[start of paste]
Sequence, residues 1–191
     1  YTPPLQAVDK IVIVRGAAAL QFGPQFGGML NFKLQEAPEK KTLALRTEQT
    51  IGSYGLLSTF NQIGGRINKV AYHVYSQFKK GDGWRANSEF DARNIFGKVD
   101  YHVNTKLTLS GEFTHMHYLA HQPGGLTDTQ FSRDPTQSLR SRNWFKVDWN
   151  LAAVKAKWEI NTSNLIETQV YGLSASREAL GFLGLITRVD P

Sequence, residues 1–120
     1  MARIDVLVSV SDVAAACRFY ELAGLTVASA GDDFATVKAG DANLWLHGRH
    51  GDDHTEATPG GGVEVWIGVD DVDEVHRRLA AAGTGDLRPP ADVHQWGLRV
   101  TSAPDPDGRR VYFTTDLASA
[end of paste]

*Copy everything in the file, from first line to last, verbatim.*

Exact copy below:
Sequence, residues 1–191
     1  YTPPLQAVDK IVIVRGAAAL QFGPQFGGML NFKLQEAPEK KTLALRTEQT
    51  IGSYGLLSTF NQIGGRINKV AYHVYSQFKK GDGWRANSEF DARNIFGKVD
   101  YHVNTKLTLS GEFTHMHYLA HQPGGLTDTQ FSRDPTQSLR SRNWFKVDWN
   151  LAAVKAKWEI NTSNLIETQV YGLSASREAL GFLGLITRVD P

Sequence, residues 1–120
     1  MARIDVLVSV SDVAAACRFY ELAGLTVASA GDDFATVKAG DANLWLHGRH
    51  GDDHTEATPG GGVEVWIGVD DVDEVHRRLA AAGTGDLRPP ADVHQWGLRV
   101  TSAPDPDGRR VYFTTDLASA